1. London and internet radicalised my son: Attacker’s mother

London and internet radicalised my son: Attacker’s mother

The Italian mother of London attacker Youssef Zaghba says she tried to prevent him being radicalised, "but he had internet" and fell in with the wrong crowd in the British capital.

By: | Fagnano | Published: June 7, 2017 4:47 AM
London attack, London attack news, London attack latest news, London attacker, mother of London attacker, London attackers name People look at floral tributes on London Bridge in London on Tuesday. (AP)

The Italian mother of London attacker Youssef Zaghba says she tried to prevent him being radicalised, “but he had internet” and fell in with the wrong crowd in the British capital. Zaghba, 22, has been identified as the third of the three attackers shot dead by police after their attack in London on Saturday that killed seven people and left dozens injured. A Moroccan-Italian dual national, it has emerged he had tried to join the Islamic State group in Syria last year and was notified to Britain as a suspect figure after being intercepted by Italian authorities. His mother, Valeria Collina, a convert to Islam who is separated from the attacker’s Morocco-based father, told Italian weekly L’Espresso that she thought her son had been radicalised by a combination of online propaganda and contacts in London. “We always kept an eye on who he was friends with and checked that he was not mixed up with the wrong people,” she told the magazine in her only interview since her son was identified. “But he had internet and that is where everything came from. “He never let himself be led by anyone, neither in Italy, nor in Morocco, where he was studying computing at the University of Fez.”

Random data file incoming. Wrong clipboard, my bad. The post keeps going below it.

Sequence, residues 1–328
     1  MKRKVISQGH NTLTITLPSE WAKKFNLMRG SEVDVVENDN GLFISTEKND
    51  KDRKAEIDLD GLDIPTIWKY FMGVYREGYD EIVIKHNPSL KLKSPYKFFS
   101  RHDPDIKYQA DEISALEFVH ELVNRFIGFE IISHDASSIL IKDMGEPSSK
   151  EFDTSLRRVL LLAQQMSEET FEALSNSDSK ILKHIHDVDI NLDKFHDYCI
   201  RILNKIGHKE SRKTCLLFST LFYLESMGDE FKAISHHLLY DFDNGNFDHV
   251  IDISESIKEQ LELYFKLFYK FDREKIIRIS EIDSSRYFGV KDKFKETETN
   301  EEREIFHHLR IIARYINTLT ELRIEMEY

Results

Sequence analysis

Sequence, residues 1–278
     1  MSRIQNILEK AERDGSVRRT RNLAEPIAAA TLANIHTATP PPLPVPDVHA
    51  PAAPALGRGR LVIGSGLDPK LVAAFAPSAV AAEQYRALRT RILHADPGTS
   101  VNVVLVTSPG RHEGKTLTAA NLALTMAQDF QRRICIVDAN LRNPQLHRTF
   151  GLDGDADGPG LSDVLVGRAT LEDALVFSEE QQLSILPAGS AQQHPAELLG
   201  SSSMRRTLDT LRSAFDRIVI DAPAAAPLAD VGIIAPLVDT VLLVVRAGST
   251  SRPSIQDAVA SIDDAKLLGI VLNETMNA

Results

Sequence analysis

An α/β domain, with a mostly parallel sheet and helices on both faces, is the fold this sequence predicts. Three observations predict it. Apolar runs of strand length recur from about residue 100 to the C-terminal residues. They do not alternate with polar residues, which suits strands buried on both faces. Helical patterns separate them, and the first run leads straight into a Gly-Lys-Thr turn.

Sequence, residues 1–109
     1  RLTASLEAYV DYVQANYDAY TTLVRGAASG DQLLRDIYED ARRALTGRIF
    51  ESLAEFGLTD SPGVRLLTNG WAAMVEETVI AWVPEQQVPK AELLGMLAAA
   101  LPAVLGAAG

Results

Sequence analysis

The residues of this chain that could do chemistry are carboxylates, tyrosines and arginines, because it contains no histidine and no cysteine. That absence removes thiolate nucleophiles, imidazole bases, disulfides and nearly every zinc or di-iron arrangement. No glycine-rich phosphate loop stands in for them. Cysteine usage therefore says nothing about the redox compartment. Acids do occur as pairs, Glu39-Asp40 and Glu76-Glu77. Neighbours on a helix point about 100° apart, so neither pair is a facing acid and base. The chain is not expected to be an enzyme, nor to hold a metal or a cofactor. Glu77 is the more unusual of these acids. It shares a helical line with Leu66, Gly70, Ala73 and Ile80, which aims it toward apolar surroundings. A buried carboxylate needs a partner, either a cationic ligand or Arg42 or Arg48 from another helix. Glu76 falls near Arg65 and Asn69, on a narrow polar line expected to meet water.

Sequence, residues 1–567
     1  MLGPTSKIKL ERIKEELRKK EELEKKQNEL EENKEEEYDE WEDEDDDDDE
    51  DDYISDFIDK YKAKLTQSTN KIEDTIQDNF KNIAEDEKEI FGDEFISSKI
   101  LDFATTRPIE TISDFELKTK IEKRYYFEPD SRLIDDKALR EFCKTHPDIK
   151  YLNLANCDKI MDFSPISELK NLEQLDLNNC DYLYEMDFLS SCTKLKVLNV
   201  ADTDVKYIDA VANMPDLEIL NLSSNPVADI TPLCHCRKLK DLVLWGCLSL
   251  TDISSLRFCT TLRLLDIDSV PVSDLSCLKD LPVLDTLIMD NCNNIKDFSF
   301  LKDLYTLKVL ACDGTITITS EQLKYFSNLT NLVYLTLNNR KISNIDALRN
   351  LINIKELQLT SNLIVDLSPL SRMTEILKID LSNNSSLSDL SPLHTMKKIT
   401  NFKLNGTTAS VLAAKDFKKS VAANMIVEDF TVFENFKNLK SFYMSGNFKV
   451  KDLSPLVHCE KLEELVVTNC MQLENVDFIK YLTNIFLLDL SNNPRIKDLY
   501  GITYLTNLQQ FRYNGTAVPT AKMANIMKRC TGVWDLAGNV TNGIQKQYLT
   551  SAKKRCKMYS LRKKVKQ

Collina said she had been concerned by the milieu in the part of east London where her son lived. “I have been there and I did not like it. He was mixing with the wrong people.”

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The Italian said that her son had shown her videos about Syria before his March 2016 attempt to board a flight for Turkey, apparently with the intention of reaching its conflict-torn neighbour. “But he never spoke about going to fight there. For him Syria was a place where you could live according to a pure Islam. The way he told it was a fantasy… transmitted to him over the internet.”

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